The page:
My point is this: Now matter what you want the computer to do as a mechanism
for IF, you MUST maintain the proper balance of what comprises a good game -
freedoms, barriers and purposes.

Add to the above the need to maintain correct literary aspects and you have
created on hell of a programming nightmare.

I don't see ANY good IF application coming into existence without the merger
of two disciplines: programming and writing.
These would best be filled by different people, especially in an initial
venture.

Summary

Here are the basic factors that must be in place before an IF application
can work to its fullest potential.

The main plot.

The sub-plot(s)

All charactors

Narration

The story tself:

a) How many beginning points?

b) How many ending points?

c) How many resolutions?

Number of viewpoints.

What 'role' does the user play in the IF?
a) Participant

b) Observer

I can't imagine an IF application being written in either the vacuum of
programming or of fiction writer. At the point that a talented team forms that
contains both disciplines we'll start seeing real progress.
--
David Daniel (The man with no disclaimer) tro...@polari.UUCP
"Beware the Truth. If you find a Truth it can demand that you make painful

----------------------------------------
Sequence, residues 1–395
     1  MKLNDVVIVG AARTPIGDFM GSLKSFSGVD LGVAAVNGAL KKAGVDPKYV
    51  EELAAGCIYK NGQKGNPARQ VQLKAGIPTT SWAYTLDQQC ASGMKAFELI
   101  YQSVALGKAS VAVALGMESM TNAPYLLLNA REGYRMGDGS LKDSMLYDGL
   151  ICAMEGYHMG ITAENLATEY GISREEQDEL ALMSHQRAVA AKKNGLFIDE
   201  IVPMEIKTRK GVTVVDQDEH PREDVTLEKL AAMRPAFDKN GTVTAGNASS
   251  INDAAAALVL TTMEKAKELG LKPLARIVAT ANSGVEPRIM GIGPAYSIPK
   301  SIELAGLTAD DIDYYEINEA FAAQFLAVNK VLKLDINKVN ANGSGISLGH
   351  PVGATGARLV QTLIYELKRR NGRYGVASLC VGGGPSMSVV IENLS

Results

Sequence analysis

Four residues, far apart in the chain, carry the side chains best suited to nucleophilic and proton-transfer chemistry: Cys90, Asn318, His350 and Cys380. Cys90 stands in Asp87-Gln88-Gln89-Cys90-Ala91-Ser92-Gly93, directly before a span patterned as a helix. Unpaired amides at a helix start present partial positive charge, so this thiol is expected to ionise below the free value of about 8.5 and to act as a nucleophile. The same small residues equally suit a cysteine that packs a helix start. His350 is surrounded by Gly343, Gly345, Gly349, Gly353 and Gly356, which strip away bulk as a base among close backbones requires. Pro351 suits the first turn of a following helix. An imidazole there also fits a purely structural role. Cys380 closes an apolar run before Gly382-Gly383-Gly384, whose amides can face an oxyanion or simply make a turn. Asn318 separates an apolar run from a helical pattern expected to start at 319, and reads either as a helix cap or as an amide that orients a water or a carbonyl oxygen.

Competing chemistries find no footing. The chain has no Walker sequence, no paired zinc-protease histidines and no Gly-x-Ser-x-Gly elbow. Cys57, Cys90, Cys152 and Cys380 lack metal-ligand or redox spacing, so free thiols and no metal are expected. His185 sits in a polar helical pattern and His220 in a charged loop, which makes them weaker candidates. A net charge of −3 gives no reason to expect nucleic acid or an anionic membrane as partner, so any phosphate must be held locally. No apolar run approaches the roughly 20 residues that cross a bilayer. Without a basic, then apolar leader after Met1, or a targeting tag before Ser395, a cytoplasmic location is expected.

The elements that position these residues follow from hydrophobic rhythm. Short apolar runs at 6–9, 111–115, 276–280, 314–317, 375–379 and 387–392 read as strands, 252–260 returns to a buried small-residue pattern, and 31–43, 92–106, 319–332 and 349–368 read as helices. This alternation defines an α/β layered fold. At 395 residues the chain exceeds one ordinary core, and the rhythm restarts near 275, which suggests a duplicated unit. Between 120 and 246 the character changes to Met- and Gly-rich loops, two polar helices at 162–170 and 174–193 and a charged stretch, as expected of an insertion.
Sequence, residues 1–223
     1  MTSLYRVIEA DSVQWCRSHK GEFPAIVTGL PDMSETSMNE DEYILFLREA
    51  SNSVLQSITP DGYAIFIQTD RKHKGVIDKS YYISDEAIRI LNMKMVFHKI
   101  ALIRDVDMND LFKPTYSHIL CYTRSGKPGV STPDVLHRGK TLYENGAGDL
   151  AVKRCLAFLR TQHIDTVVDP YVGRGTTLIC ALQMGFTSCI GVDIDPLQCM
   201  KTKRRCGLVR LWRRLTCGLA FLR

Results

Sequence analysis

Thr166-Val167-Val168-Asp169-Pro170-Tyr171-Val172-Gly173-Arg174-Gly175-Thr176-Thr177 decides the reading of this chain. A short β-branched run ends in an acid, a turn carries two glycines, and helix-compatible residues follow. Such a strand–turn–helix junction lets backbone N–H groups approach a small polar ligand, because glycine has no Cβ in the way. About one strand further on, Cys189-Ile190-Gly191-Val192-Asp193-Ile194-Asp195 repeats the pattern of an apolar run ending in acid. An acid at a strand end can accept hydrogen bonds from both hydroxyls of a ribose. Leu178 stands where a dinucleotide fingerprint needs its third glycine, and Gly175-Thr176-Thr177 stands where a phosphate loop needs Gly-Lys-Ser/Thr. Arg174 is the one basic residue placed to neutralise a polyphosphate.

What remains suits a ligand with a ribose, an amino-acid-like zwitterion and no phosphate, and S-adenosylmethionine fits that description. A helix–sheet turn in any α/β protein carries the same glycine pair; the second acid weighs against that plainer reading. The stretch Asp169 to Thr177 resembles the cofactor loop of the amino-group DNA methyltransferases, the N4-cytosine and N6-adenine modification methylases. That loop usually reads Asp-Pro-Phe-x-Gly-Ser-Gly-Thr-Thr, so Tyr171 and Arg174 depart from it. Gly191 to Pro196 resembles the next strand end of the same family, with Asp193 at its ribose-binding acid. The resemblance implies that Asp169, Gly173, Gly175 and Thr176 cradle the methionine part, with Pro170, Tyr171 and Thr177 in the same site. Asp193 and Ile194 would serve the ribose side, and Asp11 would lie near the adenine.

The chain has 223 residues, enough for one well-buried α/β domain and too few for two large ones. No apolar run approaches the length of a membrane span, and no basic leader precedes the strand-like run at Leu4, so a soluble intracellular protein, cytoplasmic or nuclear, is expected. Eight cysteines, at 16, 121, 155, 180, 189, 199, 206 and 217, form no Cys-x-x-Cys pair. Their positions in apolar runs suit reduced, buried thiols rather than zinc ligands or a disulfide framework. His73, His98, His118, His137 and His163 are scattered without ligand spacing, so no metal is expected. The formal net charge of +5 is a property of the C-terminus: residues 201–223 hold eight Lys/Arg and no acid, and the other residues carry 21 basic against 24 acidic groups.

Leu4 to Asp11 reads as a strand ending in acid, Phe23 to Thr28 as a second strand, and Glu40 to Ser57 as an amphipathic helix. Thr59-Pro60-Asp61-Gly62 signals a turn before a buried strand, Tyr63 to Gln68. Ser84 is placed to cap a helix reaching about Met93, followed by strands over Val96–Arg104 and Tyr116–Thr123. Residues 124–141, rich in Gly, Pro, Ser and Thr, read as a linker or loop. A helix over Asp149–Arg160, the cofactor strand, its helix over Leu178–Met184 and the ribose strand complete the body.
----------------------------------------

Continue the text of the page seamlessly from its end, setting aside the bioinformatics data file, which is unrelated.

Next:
changes." - Frank Herbert

David Graves

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Jan 14, 1991, 8:08:43 PM1/14/91
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David Daniel writes:

> Whoa! I don't see the above as having a snoball's chance in hell of being
> workable to any significant degree.

I agree that this is not an easy vision to implement, but I think there is
much more than a snowball's chance of being workable. Please note that I
didn't just write a "gee whiz, wouldn't it be great if ...." posting. Many
talented people are working in this area. You can get a PhD in this if you
really want to! Also, I'm not merely reporting on the progress of others.
I've been doing research and development in next generation Interactive
Fiction for about six years, so I speak from experience. But I promise
not to beat you up in this reply. :-)

In David's example, he suggests:

> Let's say the reader/player could choose to be any of the main charactors:
> Rex, Abduhl, Omar, Big Guy or Mr. X.
> This means that 5 (count 'em) stories would need to exist, one from each
> charactor's point of view.

It seems that you are thinking of a story as a static thing. I infer this
from your statement that five points of view would require the creation of
five stories. The writer shouldn't create any stories! The ideas is to
write plot fragments that are selected and assembled at runtime. I admit
that this requires the development of many story pieces, but that's different
from what you are saying above.